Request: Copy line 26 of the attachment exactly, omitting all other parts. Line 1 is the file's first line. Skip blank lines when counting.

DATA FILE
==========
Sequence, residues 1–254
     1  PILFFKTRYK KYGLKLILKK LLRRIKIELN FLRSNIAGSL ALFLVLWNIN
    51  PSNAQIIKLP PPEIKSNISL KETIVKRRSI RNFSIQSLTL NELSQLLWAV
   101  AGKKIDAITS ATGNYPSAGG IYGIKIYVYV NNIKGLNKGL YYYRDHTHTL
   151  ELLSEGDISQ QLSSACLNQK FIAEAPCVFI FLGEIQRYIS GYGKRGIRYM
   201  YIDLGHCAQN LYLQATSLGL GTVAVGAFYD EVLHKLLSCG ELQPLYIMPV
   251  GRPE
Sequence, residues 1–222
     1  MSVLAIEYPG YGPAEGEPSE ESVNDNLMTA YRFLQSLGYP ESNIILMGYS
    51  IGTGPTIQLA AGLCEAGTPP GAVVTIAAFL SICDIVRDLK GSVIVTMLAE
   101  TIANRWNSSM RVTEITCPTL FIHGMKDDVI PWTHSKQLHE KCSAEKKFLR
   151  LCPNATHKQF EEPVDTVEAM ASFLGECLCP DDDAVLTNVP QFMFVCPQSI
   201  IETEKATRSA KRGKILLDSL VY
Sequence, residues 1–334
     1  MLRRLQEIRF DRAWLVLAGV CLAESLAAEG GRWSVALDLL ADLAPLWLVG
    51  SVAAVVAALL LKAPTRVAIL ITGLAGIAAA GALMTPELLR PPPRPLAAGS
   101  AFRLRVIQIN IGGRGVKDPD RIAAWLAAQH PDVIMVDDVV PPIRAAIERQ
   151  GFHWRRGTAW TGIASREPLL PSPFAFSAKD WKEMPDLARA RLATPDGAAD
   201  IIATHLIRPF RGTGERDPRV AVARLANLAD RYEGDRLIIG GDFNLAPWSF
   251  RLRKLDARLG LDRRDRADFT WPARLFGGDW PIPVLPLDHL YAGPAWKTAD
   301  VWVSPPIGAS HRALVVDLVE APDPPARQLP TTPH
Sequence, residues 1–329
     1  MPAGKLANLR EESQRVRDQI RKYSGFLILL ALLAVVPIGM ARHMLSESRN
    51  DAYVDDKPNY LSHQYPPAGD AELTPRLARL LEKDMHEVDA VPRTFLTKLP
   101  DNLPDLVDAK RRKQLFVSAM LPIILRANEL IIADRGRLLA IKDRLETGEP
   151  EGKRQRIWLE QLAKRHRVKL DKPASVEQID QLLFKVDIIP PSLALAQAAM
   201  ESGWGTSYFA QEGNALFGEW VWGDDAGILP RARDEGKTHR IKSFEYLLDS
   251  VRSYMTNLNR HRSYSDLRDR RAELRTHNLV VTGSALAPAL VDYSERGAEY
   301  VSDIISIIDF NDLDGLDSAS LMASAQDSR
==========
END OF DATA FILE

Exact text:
   151  EGKRQRIWLE QLAKRHRVKL DKPASVEQID QLLFKVDIIP PSLALAQAAM